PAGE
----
magnetic resonance imaging
(mag-NEH-tik REH-zuh-nunts IH-muh-jing)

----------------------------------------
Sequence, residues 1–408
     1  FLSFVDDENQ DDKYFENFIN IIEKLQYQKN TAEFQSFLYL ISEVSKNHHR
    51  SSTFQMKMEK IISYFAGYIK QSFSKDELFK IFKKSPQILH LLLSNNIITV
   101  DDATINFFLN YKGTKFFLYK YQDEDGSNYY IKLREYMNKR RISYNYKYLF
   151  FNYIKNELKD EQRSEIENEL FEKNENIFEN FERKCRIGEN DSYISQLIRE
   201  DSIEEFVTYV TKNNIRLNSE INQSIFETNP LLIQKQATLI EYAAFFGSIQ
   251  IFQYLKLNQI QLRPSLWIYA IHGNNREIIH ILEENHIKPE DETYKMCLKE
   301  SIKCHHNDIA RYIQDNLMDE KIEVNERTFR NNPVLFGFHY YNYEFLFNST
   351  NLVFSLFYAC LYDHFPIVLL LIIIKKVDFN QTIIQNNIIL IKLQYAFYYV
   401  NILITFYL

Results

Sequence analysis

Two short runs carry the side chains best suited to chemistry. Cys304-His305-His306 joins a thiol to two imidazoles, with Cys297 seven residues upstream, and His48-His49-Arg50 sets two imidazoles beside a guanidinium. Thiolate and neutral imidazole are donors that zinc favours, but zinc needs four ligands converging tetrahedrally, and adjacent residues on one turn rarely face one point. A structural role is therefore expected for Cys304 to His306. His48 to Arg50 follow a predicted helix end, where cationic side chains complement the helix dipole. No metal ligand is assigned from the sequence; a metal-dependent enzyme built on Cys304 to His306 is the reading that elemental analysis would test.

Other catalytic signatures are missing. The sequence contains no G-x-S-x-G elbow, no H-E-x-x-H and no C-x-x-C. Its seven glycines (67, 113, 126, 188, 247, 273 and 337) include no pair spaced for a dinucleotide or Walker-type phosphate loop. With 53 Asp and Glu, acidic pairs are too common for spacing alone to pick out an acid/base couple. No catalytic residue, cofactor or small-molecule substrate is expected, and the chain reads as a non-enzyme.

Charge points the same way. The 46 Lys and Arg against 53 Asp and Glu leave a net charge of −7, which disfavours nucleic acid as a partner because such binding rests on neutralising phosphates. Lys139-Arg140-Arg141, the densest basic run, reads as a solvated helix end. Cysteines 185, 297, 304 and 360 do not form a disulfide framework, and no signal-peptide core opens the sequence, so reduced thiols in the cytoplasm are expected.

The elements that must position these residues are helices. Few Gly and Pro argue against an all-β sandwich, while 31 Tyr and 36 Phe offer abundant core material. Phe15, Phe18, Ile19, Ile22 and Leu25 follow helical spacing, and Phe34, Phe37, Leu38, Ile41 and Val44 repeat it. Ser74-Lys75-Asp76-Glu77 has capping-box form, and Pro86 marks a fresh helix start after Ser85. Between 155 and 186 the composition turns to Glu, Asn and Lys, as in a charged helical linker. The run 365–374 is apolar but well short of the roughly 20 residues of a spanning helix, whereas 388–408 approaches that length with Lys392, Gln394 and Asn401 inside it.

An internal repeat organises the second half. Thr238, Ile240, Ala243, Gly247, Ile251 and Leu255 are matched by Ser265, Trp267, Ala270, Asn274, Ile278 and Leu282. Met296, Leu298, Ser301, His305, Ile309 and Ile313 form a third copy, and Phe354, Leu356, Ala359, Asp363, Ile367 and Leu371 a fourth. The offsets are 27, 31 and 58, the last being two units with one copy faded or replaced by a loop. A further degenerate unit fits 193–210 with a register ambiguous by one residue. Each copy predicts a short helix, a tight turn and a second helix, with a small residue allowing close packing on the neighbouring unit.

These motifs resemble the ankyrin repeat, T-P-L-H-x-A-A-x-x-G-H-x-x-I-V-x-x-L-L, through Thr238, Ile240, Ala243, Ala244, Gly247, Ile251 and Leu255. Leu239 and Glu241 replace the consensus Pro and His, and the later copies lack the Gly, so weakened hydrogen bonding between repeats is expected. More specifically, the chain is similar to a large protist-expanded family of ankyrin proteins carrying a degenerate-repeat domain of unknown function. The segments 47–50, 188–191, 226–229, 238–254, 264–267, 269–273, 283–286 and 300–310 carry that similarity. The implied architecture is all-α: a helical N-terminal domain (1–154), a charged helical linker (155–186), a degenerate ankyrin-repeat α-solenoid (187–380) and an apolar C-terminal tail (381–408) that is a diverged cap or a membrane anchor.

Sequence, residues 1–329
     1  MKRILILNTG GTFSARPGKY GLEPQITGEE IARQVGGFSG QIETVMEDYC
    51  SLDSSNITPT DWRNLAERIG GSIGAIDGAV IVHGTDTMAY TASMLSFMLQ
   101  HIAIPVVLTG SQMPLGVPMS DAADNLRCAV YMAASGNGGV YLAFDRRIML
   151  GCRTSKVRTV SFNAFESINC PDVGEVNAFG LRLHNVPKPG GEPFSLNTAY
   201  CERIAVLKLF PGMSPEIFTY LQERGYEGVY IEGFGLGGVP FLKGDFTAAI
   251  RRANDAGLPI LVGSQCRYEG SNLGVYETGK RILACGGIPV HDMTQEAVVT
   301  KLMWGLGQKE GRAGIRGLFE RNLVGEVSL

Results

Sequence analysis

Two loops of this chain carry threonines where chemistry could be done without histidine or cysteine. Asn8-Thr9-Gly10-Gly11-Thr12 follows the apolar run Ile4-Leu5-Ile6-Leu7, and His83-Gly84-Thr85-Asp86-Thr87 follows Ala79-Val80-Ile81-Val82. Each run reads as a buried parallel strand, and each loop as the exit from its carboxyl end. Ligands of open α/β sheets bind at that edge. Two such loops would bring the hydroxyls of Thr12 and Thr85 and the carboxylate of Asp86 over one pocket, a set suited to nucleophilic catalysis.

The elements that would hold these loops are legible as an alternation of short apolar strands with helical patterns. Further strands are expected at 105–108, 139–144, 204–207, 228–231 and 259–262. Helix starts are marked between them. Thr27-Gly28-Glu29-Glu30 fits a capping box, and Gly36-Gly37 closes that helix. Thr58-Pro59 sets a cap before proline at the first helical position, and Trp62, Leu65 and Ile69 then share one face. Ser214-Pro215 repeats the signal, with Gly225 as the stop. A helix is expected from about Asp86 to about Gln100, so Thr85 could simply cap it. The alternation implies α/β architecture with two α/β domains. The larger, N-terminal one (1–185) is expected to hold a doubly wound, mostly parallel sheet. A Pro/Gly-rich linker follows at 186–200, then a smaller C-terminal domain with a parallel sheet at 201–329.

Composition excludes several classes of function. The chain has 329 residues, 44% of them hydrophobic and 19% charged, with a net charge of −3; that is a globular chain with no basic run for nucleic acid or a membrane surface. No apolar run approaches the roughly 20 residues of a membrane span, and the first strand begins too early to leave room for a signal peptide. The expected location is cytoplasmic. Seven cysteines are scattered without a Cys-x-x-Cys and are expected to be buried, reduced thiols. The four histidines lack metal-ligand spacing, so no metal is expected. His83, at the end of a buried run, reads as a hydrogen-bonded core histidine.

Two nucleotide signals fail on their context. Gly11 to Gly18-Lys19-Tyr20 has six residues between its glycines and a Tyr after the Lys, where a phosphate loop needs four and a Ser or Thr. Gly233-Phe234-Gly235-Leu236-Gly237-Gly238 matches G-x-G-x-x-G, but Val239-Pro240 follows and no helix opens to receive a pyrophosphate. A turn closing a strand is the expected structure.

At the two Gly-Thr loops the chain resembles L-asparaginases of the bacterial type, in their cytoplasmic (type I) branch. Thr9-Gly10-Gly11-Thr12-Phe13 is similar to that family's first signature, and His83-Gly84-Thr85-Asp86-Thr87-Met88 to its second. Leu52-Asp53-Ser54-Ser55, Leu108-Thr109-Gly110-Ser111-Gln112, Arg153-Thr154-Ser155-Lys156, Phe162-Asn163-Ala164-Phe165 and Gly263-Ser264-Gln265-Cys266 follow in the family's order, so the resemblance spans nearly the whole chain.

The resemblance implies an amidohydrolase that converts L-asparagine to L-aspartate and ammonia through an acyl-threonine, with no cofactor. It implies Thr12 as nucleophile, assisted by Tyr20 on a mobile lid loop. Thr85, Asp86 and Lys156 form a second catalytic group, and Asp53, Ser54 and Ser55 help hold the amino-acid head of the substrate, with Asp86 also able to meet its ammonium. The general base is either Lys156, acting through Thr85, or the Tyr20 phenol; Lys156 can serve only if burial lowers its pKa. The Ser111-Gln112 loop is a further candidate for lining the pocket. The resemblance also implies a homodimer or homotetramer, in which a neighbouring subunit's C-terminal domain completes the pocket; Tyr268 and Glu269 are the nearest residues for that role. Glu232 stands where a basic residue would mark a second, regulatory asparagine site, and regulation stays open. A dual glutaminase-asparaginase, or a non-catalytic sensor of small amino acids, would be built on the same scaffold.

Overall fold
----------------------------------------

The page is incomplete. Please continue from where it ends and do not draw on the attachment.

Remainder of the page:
- A procedure that uses radio waves, a powerful magnet, and a computer to make a series of detailed pictures of areas inside the body. A contrast agent, such as gadolinium, may be injected into a vein to help the tissues and organs show up more clearly in the picture. Magnetic resonance imaging may be used to help diagnose disease, plan treatment, or find out how well treatment is working. It is especially useful for imaging the brain and spinal cord, the heart and blood vessels, the bones, joints, and other soft tissues, the organs in the pelvis and abdomen, and the breast. Also called MRI, NMRI, and nuclear magnetic resonance imaging.